Developed By: iNFOTYKE
Making a career out of politics
By Aristotle Lyngdoh
In Meghalaya politics is like a game of football where people are the grass or the ‘Ri & Jaidbynriew’ having no option but to bear the brunt of this game. Some of our youth are uprooted prematurely without a chance to bloom and grow to their full potential to show the world their gifts and talents. This is the fate of more and more of our youth. They get easily motivated by Students’ Bodies and are inclined towards political issues rather than matters that concern the eucational growth of every single individual right from nursery onwards to the various stream of studies especially technical education since at the moment we have to depend on technical experts from outside the State thereby draining out so much wealth and resources.
Like their political masters or friends who have made good fortune from politics most young people want to follow their footstep. The so -called students or youth organizations whose functionaries are either drop-outs or non-collegiate are showing keen interest in playing this game of politics. Every other leader of an organization or pressure group (including newly formed groups) look at politics as a career option because in this game there are more chances of scoring a goal without playing as a team or of rising to become financially secure; but at the cost of the people (ri and jaidbynriew). Forming NGOs and other social group with the motive to oppose the Government seems to be the only career option for our youth both rural and urban as of now. And the interesting part in this match is the presence of players (teammate from political parties) in the field who never make any effort to dribble the ball but wait near the goal area where they think they will become top scorers in case the ball lands at their feet, whereas those on the defensive run away from their positions as if they colluded with the offside.
If one tries to do a follow up on our so called ‘leaders’ both past and present, one can easily identify that few have made their careers and achieved their objectives. They have scored goals by becoming political masters but not all have the capacity and efficiency except one or two in affecting changes on issues and policies. Some have made an attempt to climb the same ladder but have fallen short and landed in government contracts or supplies without having skills and commitments as entrepreneurs but only to tamper with the good purpose and intention of that job by executing it with the sole intention of maximizing profit. Some have gone to the extreme end and became militants. They are proud to be called “khla ka wait” (super warriors) but with the intention to surrender later and come back before the next general elections promising fertilizer and manure for the grasses. Some have departed before their time.
For those who have made it to the top in politics, do they see their followers’ fate? Are they ready to guide and pave a career path for them where their skills and talents may contribute immensely to the society? Are these steps the only way to reach the level of political diplomacy? Are our people so blind that they fail to see how they are being used? Oh yes I have forgotten there are groups of people called “nongiew” (from bazaar) whose vicinity are the perimeter of their area ‘iew’ or market and not beyond. Can this section of the society define the strategy for the whole state? Does market mean Iewduh or Bara Bazaar only? Are we prepared to reap the benefit of skills development the core strategy of modern development? Where is the level of our competencies or how many local youth in the near future can fit in if big corporate houses and multinationals want to establish their centres here? It is here that empowerment strategies should address issues correctly and resources channeled judiciously to enable the youth to acquire hard skills; skills that will make them competitive globally anywhere anytime and skills that will remain with them for life to generate income in the field of economics and market advancement. It is here that human resource is a crucial factor and where we are far behind rather than in the acquisition of soft skills.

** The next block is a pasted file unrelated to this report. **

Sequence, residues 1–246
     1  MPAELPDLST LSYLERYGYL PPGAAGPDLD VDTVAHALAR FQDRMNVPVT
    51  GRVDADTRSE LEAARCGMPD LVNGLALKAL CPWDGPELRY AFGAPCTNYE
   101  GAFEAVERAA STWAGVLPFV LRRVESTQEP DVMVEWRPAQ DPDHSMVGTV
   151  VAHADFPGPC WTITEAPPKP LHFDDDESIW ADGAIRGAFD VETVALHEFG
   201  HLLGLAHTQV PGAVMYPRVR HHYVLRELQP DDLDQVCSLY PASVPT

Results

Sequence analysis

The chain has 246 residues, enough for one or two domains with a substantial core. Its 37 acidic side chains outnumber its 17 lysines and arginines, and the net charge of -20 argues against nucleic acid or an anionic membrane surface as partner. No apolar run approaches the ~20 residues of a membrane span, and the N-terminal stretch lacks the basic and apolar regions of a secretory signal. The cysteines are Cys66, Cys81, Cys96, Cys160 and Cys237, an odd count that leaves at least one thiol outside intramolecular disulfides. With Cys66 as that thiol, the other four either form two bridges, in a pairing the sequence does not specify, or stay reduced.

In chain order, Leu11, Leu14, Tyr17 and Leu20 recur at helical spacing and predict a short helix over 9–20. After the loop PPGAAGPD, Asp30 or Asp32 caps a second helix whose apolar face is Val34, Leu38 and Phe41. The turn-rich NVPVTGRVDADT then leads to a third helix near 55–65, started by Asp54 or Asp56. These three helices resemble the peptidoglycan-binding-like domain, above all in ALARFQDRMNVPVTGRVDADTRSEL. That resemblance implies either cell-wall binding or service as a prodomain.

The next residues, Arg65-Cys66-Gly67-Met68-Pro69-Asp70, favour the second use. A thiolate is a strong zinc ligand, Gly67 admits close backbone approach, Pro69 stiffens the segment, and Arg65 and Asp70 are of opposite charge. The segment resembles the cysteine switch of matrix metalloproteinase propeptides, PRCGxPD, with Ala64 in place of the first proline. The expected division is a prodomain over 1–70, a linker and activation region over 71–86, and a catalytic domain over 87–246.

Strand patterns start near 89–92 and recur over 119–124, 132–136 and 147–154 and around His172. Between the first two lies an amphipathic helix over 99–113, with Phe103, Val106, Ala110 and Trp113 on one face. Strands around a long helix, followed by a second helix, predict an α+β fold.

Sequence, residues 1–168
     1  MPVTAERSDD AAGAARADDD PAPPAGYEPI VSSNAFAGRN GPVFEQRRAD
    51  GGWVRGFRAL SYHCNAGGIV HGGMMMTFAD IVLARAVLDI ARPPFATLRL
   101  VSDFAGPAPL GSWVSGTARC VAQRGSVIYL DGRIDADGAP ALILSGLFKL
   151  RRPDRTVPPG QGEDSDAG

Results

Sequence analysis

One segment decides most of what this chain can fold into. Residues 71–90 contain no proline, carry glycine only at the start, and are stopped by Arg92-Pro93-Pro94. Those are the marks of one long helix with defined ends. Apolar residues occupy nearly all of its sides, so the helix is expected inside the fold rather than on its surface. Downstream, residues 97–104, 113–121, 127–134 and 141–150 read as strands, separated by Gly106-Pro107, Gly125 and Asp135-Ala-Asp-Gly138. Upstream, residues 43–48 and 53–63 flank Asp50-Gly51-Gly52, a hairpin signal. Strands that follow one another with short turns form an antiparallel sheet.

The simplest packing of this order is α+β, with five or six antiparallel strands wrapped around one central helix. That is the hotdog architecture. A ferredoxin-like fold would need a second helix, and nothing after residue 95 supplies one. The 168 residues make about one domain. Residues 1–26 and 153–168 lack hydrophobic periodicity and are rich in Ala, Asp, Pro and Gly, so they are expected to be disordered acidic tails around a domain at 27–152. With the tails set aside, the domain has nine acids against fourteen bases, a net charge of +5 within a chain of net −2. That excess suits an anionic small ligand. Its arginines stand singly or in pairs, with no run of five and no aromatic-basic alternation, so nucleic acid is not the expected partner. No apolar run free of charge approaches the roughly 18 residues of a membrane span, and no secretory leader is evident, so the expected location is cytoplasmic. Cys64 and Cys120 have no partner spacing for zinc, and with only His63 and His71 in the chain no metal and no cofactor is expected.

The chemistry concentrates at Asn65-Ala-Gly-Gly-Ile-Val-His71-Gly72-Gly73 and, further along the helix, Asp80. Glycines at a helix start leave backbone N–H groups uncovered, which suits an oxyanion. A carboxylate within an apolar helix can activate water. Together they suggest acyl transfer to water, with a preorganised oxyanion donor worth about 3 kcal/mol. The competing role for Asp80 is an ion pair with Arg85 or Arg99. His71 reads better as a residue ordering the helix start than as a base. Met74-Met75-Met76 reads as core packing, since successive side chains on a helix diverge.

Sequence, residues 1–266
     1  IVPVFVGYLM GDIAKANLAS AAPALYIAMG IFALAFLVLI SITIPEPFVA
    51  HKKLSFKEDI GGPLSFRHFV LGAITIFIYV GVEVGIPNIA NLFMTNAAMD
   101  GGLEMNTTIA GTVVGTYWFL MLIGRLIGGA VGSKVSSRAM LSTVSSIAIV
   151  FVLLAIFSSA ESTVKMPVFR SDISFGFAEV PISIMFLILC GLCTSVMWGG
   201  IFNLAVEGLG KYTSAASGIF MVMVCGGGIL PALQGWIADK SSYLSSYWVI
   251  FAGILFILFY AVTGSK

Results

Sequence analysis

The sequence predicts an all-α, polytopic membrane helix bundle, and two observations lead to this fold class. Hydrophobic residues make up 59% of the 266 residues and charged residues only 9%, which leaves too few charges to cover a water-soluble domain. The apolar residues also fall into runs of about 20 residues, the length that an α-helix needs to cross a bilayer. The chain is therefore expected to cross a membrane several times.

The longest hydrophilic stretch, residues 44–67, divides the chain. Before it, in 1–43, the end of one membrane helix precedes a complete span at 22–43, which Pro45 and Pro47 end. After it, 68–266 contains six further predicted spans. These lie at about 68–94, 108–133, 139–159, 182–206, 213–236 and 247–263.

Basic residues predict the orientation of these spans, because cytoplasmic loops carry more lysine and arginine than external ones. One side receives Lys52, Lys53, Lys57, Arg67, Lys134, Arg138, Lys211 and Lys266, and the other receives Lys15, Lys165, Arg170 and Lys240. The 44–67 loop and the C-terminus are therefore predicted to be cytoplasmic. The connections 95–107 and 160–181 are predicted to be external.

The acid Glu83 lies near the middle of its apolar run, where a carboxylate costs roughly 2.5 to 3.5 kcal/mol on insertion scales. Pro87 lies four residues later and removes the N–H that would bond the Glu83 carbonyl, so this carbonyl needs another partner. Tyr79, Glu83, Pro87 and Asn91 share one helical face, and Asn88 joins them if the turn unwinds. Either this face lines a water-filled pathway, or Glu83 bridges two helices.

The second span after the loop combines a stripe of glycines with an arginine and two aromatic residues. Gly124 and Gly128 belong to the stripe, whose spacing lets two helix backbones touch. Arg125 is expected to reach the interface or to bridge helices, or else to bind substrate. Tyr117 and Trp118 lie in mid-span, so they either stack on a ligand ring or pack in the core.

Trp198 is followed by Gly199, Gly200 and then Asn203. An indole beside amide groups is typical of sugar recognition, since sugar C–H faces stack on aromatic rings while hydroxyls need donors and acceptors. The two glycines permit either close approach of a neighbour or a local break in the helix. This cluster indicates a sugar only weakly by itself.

Amid turmoil and chaos during recent developments where traditional authority stands challenged, the good part is being is being shown by intelligent and smart Dhar team in pursuing relentlessly central funds to finance their rural road construction projects both old and new amounting hundreds of crores of rupees. Does the meaning of Ri & Jaidbynriew imply only people and their issues? What about the natural environment, wildlife, forests etc.? The uniqueness of the ‘Jaidbynriew’ is also associated with these things. If the same crowd that thronged Polo ground and then parade behind their candidates during election campaigns and victories can exert the same pressure and support for environmental protection, Wah Umkhrah would have been different like the ‘Thames of London’. But how could somebody cut down huge numbers of pine trees from Lum Iapkynthei, Umiam (Damsite) opposite SOS Children Villages – a land owned by MeCEL? Where are those watch dogs of Ka Ri & Jaidbynriew then? Why they are vocal against someone and silent against another and what is this game? In the absence of futuristic, appropriate and meaningful economic and human resource initiatives, such disgusting games will continue to be played in the same arena for many years.
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